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24-year-old Austin Hankwitz is one of TikTok's biggest investing influencers with nearly 500,000 followers. He told us his 3 strategies for picking the most rewarding stocks, and his top picks right now

Published by Business Insider on Mon, 07 Jun 2021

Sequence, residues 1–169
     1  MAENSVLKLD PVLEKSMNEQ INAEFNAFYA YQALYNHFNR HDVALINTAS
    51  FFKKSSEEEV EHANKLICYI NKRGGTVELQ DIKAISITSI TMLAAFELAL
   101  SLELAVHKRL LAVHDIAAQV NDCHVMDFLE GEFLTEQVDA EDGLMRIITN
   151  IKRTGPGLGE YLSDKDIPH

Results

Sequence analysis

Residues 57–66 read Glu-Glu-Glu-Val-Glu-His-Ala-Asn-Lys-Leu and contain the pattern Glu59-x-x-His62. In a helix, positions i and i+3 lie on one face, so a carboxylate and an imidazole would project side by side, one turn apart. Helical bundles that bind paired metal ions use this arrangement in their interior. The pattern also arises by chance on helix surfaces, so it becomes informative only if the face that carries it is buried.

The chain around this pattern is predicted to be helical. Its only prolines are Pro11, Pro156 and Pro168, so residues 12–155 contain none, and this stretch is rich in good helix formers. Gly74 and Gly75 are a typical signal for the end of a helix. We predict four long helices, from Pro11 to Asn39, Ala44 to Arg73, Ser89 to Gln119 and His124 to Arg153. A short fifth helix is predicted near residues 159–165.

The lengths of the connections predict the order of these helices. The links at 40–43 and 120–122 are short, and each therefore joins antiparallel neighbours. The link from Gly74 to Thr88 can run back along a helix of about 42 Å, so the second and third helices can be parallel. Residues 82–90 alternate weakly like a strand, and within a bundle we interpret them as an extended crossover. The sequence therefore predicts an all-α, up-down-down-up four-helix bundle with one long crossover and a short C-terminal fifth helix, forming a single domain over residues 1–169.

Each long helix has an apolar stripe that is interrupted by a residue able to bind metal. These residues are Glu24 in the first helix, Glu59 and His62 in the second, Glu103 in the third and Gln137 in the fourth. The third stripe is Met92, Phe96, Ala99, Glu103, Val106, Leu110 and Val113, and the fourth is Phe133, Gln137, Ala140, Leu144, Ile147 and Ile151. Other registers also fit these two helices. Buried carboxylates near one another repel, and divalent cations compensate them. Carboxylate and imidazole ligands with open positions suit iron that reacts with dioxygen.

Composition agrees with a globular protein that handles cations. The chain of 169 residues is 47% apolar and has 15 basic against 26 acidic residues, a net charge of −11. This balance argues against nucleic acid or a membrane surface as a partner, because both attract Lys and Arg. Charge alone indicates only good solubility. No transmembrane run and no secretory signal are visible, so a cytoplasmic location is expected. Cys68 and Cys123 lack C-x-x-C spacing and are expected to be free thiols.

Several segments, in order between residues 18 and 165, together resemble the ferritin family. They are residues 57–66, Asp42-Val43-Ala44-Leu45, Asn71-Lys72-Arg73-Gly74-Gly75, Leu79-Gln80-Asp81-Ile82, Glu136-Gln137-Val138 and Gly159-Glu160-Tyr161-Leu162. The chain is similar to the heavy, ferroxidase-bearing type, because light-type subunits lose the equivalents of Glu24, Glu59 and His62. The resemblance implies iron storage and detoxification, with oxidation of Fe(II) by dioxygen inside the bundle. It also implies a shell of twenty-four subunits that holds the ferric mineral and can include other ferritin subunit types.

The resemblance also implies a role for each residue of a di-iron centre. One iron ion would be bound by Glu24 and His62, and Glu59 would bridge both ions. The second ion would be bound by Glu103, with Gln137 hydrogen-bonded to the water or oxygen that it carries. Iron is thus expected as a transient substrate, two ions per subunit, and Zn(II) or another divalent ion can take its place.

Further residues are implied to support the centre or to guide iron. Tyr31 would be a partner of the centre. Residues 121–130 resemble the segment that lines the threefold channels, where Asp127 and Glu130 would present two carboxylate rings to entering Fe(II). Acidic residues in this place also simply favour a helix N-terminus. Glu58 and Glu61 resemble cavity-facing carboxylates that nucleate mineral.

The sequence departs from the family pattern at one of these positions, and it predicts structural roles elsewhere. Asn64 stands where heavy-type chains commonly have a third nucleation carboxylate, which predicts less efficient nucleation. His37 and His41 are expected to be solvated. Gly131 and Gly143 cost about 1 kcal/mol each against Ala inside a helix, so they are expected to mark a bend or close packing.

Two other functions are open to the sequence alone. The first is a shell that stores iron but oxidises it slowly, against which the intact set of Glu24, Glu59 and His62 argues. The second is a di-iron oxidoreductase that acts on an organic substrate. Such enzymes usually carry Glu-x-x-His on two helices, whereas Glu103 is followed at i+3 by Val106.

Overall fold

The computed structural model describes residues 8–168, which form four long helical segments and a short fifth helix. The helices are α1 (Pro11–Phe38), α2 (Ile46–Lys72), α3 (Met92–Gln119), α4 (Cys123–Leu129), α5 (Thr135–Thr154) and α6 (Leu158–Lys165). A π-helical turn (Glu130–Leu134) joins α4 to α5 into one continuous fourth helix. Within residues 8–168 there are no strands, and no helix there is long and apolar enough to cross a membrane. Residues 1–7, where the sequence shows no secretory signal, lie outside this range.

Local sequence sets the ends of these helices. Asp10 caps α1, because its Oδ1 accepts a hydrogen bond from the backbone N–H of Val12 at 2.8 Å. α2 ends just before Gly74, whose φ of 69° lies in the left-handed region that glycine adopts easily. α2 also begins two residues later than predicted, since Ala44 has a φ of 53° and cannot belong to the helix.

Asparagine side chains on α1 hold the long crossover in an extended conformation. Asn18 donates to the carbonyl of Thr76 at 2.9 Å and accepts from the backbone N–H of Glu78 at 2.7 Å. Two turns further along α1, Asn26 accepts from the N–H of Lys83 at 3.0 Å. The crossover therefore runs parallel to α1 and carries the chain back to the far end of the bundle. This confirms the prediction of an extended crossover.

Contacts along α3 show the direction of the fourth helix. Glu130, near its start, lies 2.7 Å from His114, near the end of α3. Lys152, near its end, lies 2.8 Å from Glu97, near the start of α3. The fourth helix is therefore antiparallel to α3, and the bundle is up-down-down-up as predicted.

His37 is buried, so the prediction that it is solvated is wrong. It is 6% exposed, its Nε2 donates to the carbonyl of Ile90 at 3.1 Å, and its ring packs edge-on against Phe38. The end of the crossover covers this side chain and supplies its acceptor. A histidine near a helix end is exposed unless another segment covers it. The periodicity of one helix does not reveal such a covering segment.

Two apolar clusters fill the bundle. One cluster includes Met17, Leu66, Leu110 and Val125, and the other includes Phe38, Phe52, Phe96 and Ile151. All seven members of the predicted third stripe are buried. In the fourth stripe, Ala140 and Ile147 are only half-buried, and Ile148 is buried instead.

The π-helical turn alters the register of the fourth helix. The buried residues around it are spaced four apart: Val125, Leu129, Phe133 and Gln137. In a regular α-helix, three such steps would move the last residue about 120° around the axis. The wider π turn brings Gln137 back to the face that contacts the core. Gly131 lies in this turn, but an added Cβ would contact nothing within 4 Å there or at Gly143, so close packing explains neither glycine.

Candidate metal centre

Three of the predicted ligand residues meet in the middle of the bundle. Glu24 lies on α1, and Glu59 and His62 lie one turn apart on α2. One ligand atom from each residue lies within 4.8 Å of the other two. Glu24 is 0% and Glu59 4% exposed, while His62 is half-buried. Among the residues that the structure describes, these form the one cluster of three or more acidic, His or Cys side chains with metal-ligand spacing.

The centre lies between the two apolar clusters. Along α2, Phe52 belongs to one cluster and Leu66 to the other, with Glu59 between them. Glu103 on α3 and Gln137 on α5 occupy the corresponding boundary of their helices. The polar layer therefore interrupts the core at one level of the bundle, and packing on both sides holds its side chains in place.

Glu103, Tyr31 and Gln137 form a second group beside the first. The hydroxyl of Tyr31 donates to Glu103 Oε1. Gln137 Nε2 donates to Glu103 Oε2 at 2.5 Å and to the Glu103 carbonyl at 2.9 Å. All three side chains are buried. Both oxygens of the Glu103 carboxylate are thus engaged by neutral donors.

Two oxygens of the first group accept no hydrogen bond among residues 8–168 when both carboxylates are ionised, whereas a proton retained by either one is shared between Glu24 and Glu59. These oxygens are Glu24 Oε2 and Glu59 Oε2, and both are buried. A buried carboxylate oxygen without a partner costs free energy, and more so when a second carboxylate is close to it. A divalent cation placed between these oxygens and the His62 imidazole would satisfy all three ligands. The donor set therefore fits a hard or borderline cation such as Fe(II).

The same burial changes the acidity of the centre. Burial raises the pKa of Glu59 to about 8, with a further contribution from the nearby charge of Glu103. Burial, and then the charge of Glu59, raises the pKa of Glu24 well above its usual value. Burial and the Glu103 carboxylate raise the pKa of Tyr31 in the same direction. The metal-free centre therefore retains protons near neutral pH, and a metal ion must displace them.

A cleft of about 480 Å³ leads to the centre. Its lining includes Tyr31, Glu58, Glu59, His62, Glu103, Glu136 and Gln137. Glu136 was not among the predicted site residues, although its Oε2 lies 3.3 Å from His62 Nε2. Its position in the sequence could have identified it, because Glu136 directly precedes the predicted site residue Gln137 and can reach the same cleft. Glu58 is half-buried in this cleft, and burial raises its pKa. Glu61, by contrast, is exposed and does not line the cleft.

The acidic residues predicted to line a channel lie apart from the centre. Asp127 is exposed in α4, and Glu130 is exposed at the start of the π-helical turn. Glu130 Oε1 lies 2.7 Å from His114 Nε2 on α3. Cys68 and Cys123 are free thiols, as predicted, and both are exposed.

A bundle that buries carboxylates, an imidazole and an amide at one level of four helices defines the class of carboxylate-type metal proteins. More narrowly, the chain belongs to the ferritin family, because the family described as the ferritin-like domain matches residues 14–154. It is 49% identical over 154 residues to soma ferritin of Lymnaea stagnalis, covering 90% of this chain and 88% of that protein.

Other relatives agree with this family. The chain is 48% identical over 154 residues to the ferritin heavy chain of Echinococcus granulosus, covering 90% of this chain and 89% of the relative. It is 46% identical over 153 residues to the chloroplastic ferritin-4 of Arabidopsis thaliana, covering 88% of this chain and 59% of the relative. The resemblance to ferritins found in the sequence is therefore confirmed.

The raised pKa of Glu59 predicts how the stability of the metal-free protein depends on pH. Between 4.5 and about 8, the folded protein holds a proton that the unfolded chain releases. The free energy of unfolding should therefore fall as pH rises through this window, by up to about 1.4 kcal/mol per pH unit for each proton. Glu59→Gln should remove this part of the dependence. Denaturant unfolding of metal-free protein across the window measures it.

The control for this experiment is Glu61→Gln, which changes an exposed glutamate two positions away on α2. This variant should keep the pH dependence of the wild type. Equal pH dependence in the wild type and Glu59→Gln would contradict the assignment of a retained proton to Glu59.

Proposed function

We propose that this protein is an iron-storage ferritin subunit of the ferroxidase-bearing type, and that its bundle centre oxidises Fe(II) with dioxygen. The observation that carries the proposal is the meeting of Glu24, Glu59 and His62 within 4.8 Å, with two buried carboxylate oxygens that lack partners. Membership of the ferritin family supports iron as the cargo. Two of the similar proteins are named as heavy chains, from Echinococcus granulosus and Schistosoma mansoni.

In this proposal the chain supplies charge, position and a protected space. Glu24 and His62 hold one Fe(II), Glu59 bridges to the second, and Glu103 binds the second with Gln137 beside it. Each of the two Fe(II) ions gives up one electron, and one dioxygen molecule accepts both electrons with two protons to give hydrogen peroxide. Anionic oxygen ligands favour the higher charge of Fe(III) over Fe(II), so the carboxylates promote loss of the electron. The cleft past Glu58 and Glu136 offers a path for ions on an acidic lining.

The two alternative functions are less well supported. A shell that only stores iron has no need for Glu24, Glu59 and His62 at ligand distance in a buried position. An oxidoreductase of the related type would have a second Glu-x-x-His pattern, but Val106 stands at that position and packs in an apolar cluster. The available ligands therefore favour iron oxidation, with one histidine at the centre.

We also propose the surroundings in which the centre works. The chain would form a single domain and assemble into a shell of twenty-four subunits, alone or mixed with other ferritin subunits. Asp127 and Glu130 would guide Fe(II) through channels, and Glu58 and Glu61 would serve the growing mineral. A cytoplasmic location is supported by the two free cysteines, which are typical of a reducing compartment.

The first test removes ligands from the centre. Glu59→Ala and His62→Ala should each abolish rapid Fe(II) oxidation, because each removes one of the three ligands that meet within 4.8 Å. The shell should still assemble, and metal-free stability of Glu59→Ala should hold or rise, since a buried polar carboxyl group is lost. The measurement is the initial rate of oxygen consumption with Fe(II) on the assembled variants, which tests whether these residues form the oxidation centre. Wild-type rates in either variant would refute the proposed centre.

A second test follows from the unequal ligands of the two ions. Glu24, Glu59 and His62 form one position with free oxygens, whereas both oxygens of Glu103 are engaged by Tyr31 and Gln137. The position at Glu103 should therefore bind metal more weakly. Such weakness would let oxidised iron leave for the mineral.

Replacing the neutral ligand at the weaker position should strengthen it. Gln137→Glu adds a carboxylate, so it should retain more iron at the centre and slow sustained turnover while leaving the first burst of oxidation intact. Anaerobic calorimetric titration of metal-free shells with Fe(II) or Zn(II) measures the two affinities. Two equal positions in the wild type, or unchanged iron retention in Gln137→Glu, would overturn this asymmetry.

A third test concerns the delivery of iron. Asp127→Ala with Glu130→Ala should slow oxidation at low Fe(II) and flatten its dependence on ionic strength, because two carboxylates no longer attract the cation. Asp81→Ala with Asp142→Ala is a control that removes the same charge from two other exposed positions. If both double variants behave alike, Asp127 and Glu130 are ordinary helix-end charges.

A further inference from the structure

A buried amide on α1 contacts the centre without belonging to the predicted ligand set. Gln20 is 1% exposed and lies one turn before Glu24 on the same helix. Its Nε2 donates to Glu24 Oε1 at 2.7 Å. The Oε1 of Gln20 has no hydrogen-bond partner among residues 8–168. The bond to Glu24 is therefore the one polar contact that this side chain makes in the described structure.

<p><img src="https://static3.businessinsider.com/image/60ba156b93c6fa00195e51d5-2400/Austin hankwitz.jpeg" border="0" alt="Austin Hankwitz" data-mce-source="Austin Hankwitz" data-mce-caption="Austin Hankwitz TikTok investing influencer"></p><p></p><bi-shortcode id="summary-shortcode" data-type="summary-shortcode" class="mceNonEditable" contenteditable="false">Summary List Placement</bi-shortcode><p>Austin Hankwitz began his career as a financial analyst at a healthcare company. But what he enjoyed most was explaining financial concepts to an audience. The only issue was that he was lacking the skills to create and edit high-quality videos.&nbsp;</p><p>It wasn't until he came across TikTok, a platform that allowed him to create simple videos in a matter of minutes, that he began to regularly post about personal finance and investing. People enjoyed his content, and over time his audience grew until he reached <a href="https://www.businessinsider.com/tik-tok-stock-market-investing-creators-explaining-new-generation-investors-2020-12">about 500,000 followers.</a>&nbsp;</p><p>The topics of Hankwitz's videos range from how to file taxes made on capital gains to what's going on in the market and how an investor can benefit from the information he's sharing. One of his most-watched videos<a href="https://www.tiktok.com/@austinhankwitz/video/6959280750910803205'lang=en&amp;is_copy_url=1&amp;is_from_webapp=v1"> pulled in over 4 million</a> views.&nbsp;</p><p>"I think people appreciate my content because I try and explain really complex topics in small, bite-size, digestible pieces that anyone can understand. And, I also try and provide the resources and where I found my information in most of my videos. So people know where to go after they watch the video to learn themselves," Hankwitz told Insider.</p><p>In an exclusive interview with Insider, Hankwitz shared his advice for how to find great companies that have good long-term growth potential.&nbsp;</p><h2><strong>1. Look around you&nbsp;</strong></h2><p>Hankwitz recommends starting off simple, by paying attention to companies that everyone knows and loves.</p><p>While Hankwitz's popularity stems from his ability to explain a company's growth potential by using a combination of news and digging into its financials, he doesn't suggest trying to find the next Amazon or speculating about what the FDA will approve next.&nbsp;</p><p>"Instead of being overwhelmed and getting sort of flustered if they're wrong or have a jaded mentality towards the stock market because they lost their money and they didn't predict the winning stock, just use the stock market as a tool to build wealth by investing in the companies you understand, companies you use and that you consume products and services from," Hankwitz told Insider.&nbsp;</p><p>The success of some of the biggest US companies is in large part due to the American consumer, which is why observing what's going on around you can be a great starting point, Hankwitz says. He's constantly paying attention to products and trends that are gaining popularity amongst his friends.</p><p>If your favorite brand of beer has been sold out the last couple of times you hit the grocery store, that might be a signal that the manufacturer is experiencing an uptick in demand or a shortage of supply, he adds.&nbsp;</p><p>Since he's a content creator, he understands the importance of platforms that cater to the growing popularity of videos and the creator economy. He told Insider one of his top stock picks is Alphabet (<a href="https://markets.businessinsider.com/stocks/googl-stock" target="_blank" rel="noopener">GOOG</a>) because of the rise and continued popularity of YouTube, an Alphabet subsidiary.</p><p>While this may sound trivial, having your ear to the ground can help you identify trends before they hit Wall Street, and before consumer behavior is reflected in a<a href="https://markets.businessinsider.com/news/category/earnings"> company's earnings release</a> or stock price, says Hankwitz.&nbsp;</p><p>He adds that you may even be able to identify the disparity in information between what's going on with a<a href="https://www.businessinsider.com/what-is-ipo"> publicly traded company</a> in real-time and what Wall Street thinks is happening.&nbsp;</p><p>Hankwitz says one example of an early observation he made happened after he watched a<a href="https://youtu.be/d2AlT1YUUW0" target="_blank" rel="noopener"> YouTube video on the channel Dumb Money Live</a>, that talked about Build-A-Bear's (<a href="https://markets.businessinsider.com/stocks/bbw-stock">BBW</a>) new brand collaborations and digital initiatives.</p><p>He then went and looked at the company's Facebook page and saw that it had millions of followers. He also checked TikTok and found that the company had started a page in January and was already hopping on popular trends.</p><p>Hankwitz made a note of the company and kept track of it over time, suspecting that these trends would translate into profits down the line.&nbsp;</p><p>As it turns out, Hankwitz's hunch was correct. When Build-A-Bear released its first quarter earnings on May 26, the report stated that e-commerce demand expanded by 87%, and revenue increased by 96.7% from the same period last year. The news caused its stock price to spike by 39%, and shares have continued to climb since then.&nbsp;</p><h2><strong>2. Read the earnings reports</strong></h2><p>Once you've identified a company you'd like to invest in, read its quarterly earnings reports, says Hankwitz.&nbsp;&nbsp;</p><p>Here's what he looks for in these reports:</p><p><strong>Revenue growth:</strong> If the company is growing its revenue, that's a good sign, he says. Hankwitz adds that while Wall Street might have qualms about how much or how little growth there was in any given quarter, revenue growth, in general, is always positive.&nbsp;</p><p><strong>Operating margin or pre-tax income:</strong> This is important because if a company has increased operating margins over time it means it's operating with a more efficient business model.&nbsp;</p><p>High margins are one of the main reasons Hankwitz's second top stock pick is Roku (<a href="https://markets.businessinsider.com/stocks/roku-stock" target="_blank" rel="noopener">ROKU</a>). The digital media company reported an impressive 56.9% total gross margin for Q1 2021, well up from 44% in the same quarter a year earlier. He also likes the stock because of the secular growth trends of digital advertising and over-the-top media.&nbsp;</p><p><strong>Cash flow:</strong> All businesses exist to make a profit, and when you're looking at earnings reports you want to see that the cash this business is generating is increasing over time, Hankwitz says.&nbsp;&nbsp;</p><p>If a company is publicly traded, it will release annual and quarterly earnings reports that can be found on its website. The numbers mentioned above are usually found at the top of an earnings report.</p><h2><strong style="color: #000000;">3. Read the company's Form 10-K&nbsp;</strong></h2><p>"This part is a bit more mundane and boring but I promise you it's worth it,"&nbsp; Hankwitz told Insider.&nbsp;</p><p>The Form 10-K is an annual report required by the US Securities and Exchange Commission. The document provides a comprehensive summary of a company's financial performance.&nbsp;</p><p>The document can turn into a never-ending scroll journey if you don't know what to look for. Hankwitz shares a list of things he thinks are the most important bits of information.</p><p><strong>Business:</strong> This section is a detailed overview of the company and how it generates profits. It also lists the various divisions based on the different products or services the company provides.</p><p>Hankwitz recommends keeping an eye out for the 'Our Customers' section because it explains who the business makes its money from, and the 'Our Competition' section so you understand how fierce the competition is within the sector.&nbsp;</p><p>"Inside of this is everything I need to know to understand how the business operates and what this business is," Hankwitz said.&nbsp;</p><p><strong>Risk factors:</strong> This section details specific risks that may negatively impact the business or the industry it operates in for the long term. Understanding this section will help an investor make a more educated decision about the company, he says.&nbsp;</p><p><strong>Management's discussion and analysis of financial condition and results of operations:</strong> Like an earnings report, this section explains the company's financials, but it's more extensive and has historical data as well.&nbsp;</p><p>Speaking of management, Hankwitz says that the final stock he currently has his eye on is Upstart (<a href="https://markets.businessinsider.com/stocks/upst-stock" target="_blank" rel="noopener">UPST</a>). He's impressed by the incredible leadership of the team, especially its founder and CEO, Dave Girouard, who was the former president of Enterprise at Google. He adds that Upstart's recent entrance into the automotive financing space through their acquisition of Prodigy Software is also a plus.&nbsp;</p><p><a href="https://www.businessinsider.com/one-tiktok-investing-influencer-shares-his-strategies-for-picking-stocks-2021-6#comments">Join the conversation about this story &#187;</a></p> <p>NOW WATCH: <a href="https://www.businessinsider.com/scorpion-venom-most-expensive-liquid-in-the-world-2018-8">Why scorpion venom is the most expensive liquid in the world</a></p>